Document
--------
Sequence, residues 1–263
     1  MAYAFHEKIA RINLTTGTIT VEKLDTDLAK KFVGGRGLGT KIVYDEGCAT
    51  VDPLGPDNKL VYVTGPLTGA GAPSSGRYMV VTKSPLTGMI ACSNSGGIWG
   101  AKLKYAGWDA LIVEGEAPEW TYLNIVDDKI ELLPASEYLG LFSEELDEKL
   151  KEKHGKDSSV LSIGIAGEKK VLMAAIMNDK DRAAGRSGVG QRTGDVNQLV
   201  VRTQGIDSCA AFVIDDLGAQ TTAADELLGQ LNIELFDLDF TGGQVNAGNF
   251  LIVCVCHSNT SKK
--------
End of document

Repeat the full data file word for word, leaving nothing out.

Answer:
Sequence, residues 1–263
     1  MAYAFHEKIA RINLTTGTIT VEKLDTDLAK KFVGGRGLGT KIVYDEGCAT
    51  VDPLGPDNKL VYVTGPLTGA GAPSSGRYMV VTKSPLTGMI ACSNSGGIWG
   101  AKLKYAGWDA LIVEGEAPEW TYLNIVDDKI ELLPASEYLG LFSEELDEKL
   151  KEKHGKDSSV LSIGIAGEKK VLMAAIMNDK DRAAGRSGVG QRTGDVNQLV
   201  VRTQGIDSCA AFVIDDLGAQ TTAADELLGQ LNIELFDLDF TGGQVNAGNF
   251  LIVCVCHSNT SKK